The misleadingly-named Employee Free Choice Act, or EFCA, is one of the most controversial bills affecting employee rights ever to be proposed.  In essence, EFCA is a Washington bailout for big labor union bosses.  

After securing passage in the House of Representatives in 2007, union bosses mounted an extraordinarily expensive (and misleading) campaign to convince lawmakers that the deceptively-named Employee Free Choice Act should become law.

HERE’S HOW EFCA WORKS: 
STEP ONE: NO-VOTE UNIONIZATION
The misleadingly-named Employee Free Choice Act effectively eliminates more than 60 years of employees’ right to a federally-supervised secret-ballot election to determine whether or not to become unionized.

Under EFCA, if your company is targeted for unionization, a union can unionize you through obtaining 50% +1 of you and your co-workers’ signatures on union authorization cards or any other properly-worded piece of paper (like a sign-in sheet at a union meeting).

It is the gathering of signatures on a union’s authorization cards (or other form) that is so controversial, as unions can legally mislead you and your co-workers about the true purpose of your signature through manipulation and intimidation.  

STEP TWO: GOVERNMENT-DICTATED CONTRACTS

Following a union’s certification as your ‘collective bargaining agent,’ EFCA requires a period of negotiation to take place between the union and the employer.  If an agreement cannot be reached within 130 days of unionization and following 30 days of mediation, a government-appointed arbitrator will impose a contract upon you, the union and your company.

This government-imposed contract lasts for a period of two years.  If you (as an employee) do not like the terms the government-appointed arbitrator forces on you and your company, there is nothing you will be able to do about it.  
There is no contract ratification or rejection voting procedure under EFCA, nor can you kick the union out (decertify) until the end of the contract.

Currently, EFCA has been introduced into both chambers in Congress.  While virtually identical (you can view the House version and the Senate version ), EFCA may be amended before its final passage.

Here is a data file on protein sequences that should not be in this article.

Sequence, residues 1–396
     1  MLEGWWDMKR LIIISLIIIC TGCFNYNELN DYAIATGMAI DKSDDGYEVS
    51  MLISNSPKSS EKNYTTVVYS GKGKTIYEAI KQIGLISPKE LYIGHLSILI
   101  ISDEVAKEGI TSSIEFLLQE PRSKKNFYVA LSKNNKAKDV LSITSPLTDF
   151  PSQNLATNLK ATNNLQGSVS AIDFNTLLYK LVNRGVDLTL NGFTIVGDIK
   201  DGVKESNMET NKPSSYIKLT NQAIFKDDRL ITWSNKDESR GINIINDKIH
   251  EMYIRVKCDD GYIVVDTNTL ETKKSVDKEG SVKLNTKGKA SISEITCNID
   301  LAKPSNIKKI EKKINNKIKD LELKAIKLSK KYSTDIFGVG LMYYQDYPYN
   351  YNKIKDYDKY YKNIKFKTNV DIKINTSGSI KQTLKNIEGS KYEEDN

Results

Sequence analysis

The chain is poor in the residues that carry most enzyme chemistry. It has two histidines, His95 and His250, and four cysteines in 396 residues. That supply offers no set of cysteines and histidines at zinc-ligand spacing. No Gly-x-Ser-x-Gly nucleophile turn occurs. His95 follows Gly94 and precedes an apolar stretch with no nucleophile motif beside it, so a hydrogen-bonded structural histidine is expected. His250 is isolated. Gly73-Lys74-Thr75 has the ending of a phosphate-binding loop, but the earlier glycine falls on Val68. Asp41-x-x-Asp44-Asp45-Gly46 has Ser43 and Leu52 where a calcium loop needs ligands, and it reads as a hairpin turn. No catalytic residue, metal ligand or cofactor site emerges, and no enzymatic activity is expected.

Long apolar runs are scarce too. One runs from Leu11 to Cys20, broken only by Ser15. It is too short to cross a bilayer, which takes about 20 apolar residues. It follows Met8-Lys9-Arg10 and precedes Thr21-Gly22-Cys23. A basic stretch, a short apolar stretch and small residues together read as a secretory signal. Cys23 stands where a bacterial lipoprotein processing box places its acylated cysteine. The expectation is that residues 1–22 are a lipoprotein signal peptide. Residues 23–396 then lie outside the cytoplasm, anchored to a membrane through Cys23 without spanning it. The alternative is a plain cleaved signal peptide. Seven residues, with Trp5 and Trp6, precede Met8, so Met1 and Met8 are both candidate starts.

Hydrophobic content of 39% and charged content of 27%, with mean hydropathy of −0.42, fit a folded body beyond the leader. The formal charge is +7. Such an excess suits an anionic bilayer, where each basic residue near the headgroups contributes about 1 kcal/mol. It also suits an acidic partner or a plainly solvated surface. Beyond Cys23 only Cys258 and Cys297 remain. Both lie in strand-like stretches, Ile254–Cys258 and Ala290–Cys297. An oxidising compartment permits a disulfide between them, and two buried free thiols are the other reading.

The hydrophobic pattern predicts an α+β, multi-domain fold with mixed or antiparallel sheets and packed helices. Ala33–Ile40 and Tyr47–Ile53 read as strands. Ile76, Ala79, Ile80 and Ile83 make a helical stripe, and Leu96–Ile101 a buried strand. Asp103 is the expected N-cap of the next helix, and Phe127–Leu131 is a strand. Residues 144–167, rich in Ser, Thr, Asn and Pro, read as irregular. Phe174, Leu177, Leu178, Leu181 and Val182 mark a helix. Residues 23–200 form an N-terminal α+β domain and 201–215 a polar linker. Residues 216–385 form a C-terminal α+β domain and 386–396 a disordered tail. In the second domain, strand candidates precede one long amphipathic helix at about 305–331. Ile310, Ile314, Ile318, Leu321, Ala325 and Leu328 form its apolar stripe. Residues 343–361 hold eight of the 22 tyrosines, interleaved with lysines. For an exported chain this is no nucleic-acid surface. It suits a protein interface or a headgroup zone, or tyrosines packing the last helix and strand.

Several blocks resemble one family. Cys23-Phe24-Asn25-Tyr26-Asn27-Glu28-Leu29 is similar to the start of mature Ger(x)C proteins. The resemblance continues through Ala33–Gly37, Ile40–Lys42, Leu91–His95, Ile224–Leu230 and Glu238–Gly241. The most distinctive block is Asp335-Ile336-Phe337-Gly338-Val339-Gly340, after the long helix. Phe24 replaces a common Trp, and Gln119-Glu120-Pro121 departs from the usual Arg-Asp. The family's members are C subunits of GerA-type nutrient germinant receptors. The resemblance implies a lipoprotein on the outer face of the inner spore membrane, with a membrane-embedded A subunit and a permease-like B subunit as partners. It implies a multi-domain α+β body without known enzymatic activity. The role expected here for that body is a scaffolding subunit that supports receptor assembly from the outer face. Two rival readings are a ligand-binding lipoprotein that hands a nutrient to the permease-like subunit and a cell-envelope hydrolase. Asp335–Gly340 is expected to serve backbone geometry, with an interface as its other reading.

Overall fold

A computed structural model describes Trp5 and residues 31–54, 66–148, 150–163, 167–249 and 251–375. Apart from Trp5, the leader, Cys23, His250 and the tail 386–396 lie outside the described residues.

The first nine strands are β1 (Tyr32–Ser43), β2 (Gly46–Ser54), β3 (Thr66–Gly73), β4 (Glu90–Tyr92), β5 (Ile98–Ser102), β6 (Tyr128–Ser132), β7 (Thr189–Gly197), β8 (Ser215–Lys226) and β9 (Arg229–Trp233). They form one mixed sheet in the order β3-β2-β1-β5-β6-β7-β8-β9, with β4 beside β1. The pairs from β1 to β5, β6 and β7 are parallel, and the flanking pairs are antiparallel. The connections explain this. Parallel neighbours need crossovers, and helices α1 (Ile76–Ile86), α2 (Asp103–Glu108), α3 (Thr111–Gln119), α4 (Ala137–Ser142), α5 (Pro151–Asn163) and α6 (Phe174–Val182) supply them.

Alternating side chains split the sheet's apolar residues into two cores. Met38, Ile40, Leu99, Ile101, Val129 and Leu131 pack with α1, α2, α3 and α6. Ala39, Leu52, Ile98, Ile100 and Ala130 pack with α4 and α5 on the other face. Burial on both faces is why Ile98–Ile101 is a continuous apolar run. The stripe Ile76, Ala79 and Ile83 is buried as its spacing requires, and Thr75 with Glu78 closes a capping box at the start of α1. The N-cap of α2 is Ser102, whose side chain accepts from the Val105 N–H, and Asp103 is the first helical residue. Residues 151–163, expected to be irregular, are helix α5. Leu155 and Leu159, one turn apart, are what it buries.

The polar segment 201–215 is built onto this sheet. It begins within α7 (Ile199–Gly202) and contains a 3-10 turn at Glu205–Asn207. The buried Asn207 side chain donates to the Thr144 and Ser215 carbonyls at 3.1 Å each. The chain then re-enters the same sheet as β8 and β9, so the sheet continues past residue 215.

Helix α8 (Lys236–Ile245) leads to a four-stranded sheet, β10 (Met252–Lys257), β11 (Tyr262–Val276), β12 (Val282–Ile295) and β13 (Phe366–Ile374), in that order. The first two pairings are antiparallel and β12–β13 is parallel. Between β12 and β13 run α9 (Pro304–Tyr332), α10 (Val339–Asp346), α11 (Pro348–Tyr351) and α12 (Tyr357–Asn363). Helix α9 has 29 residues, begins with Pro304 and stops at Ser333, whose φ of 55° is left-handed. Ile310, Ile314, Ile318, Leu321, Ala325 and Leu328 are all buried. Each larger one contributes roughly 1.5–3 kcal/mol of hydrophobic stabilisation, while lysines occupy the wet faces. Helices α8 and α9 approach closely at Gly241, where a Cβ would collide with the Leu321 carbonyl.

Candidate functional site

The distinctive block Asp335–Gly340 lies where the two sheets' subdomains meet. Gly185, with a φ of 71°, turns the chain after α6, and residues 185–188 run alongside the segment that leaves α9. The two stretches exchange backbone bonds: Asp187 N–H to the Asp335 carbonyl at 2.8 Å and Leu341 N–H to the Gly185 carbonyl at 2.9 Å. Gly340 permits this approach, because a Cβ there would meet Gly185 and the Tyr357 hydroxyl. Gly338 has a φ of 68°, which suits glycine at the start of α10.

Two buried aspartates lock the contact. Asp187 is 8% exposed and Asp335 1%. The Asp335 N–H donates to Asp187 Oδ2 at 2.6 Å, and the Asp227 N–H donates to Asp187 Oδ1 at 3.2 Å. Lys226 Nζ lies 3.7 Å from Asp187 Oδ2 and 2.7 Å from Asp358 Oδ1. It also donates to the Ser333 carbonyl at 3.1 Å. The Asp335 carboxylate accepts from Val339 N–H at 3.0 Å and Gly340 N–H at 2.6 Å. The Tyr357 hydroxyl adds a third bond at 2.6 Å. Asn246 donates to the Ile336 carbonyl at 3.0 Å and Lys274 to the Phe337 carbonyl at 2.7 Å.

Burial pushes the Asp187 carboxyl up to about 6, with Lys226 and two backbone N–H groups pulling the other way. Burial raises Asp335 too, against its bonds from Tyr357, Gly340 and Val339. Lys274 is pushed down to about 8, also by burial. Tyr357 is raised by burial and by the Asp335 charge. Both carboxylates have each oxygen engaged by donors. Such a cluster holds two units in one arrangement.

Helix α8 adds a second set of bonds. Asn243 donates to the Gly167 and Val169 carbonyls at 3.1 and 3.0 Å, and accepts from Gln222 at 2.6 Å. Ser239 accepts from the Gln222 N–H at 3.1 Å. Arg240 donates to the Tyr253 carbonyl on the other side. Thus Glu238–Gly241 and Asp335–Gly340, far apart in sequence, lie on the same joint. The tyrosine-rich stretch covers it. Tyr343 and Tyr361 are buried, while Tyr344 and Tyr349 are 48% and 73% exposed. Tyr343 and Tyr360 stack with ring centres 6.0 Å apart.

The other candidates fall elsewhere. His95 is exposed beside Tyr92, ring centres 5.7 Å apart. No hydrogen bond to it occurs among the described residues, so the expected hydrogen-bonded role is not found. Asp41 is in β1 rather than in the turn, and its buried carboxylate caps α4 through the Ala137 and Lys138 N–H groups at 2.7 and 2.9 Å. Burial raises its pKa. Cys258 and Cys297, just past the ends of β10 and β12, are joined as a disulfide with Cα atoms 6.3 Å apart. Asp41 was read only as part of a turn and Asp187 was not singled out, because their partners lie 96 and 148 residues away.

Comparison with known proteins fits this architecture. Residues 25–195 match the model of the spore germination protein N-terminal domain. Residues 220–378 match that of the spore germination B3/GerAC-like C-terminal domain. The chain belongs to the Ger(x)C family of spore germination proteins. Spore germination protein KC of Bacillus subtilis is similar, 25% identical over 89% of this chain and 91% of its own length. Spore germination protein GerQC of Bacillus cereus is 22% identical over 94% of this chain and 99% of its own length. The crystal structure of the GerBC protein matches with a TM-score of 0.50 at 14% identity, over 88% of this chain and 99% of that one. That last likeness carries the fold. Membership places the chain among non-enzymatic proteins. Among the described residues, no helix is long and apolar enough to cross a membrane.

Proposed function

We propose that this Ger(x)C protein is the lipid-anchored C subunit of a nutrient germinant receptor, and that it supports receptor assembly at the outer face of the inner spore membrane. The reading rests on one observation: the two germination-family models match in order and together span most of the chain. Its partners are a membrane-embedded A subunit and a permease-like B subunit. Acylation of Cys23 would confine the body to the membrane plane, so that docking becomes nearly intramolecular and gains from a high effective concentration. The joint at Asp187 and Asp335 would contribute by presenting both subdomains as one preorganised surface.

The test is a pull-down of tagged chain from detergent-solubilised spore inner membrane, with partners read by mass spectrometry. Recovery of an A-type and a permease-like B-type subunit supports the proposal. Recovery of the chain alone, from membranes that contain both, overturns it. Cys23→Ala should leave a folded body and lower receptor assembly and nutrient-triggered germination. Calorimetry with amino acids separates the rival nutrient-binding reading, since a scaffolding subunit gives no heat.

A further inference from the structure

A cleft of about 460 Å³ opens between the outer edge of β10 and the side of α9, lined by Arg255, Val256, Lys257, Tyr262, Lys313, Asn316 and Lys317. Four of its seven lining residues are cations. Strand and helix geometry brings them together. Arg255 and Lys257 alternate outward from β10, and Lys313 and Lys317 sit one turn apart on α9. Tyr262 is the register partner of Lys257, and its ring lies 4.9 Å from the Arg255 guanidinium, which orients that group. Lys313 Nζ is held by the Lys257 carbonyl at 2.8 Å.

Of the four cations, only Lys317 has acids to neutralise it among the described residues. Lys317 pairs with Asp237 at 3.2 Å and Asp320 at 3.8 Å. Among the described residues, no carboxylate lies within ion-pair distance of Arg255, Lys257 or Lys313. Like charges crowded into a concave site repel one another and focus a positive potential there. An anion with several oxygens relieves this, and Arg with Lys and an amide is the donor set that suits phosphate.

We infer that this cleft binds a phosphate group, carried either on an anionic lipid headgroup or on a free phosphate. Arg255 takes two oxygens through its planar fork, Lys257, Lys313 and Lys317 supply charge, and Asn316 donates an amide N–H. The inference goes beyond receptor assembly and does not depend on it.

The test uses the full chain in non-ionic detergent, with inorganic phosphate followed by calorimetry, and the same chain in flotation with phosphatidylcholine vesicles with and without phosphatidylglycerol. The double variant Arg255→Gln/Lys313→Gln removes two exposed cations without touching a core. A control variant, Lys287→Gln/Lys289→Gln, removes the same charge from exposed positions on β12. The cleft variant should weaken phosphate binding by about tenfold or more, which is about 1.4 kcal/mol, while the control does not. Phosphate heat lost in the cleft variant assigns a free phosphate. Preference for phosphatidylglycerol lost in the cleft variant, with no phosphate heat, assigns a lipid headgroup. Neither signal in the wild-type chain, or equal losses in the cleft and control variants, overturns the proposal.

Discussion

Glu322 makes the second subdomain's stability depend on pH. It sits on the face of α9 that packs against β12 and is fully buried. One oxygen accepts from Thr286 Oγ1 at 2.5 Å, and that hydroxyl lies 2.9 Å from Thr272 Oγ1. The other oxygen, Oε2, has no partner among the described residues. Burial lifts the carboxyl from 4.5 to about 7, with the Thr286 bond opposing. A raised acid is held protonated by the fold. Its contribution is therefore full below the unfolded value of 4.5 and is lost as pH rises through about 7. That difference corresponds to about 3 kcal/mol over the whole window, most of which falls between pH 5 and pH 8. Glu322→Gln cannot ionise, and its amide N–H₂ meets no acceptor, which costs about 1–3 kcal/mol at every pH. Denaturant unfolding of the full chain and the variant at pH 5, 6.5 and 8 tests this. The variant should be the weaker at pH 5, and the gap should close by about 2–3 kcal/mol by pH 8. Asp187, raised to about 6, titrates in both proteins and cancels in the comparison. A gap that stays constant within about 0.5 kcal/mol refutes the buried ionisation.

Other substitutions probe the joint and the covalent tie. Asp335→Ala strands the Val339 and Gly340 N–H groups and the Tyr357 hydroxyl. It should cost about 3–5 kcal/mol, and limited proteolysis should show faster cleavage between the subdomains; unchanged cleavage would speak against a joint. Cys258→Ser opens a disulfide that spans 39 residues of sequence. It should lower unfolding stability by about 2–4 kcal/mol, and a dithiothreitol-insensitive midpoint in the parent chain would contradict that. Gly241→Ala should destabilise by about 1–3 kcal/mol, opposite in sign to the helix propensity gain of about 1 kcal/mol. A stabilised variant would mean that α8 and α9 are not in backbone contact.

Below is additional information regarding the deceptively-named Employee Free Choice Act:

SOME SIMPLE FACTS ABOUT UNIONS
Today’s Unions are a Business.  As labor brokers, today’s unions rake in billions of dollars every year from unionized employees—the majority of whom are required to pay the union or be fired from their jobs.
There are currently more than 60 national unions throughout the United States, the majority of them headquartered in Washington, DC, where union lobbyists and top union brass have easy access to politicians and regulators.  On the job, most unions perform their services through “local unions.”

After peaking in 1945 when unions represented 35.5% of all workers in the United States, unions have been shrinking for more than 50 years.  Today, more than 90% of America’s private-sector (non-government) employees are union-free.  And, for those employees who are unionized, the vast majority of them did not choose to become unionized but are required to pay a union as a condition of employment.
Unions’ main service is being the exclusive “employee representative” of an employer’s employees.  For this “service,” employees are charged a free called union dues.  Employees can also be charged initiation fees to join the union, as well as a host of other fees.  Additionally, unions can also charge their members assessments (money on top of normal dues) for special union needs, like increasing revenue for organizing or if the union runs low on money. 

In terms of “who” controls the union, this is found in the union’s rule book which is also called a “constitution”  All unions have a constitution and most local unions have a supplemental rule book called bylaws.  Both of these documents are like legal contracts between a union and its members.  If a member violates something that is in , nearly every union has the right to place its members on trial.  If a member is found guilty at a union trial, members can often be kicked out of the union, have his or her membership suspended, or be fined money.  If a member refuses to pay a union fire, the union may take that member to court in an effort to collect. 
Due to decades of declining union membership, today’s unions have begun an aggressive campaign to unionize America’s union-free workplaces.  Unions have professionally-trained salespeople called “union organizers” who used a variety of union organizing tactics to manipulate employees into unions.

One of the main “services” that any union performs is collective bargaining,” which is the bargaining for a labor contract.  According to published reports, today’s unions fail to achieve contracts 45% of the time after employees choose to unionize. When collective bargaining fails, unions can (and often do) call unionized employees out on&nbsp.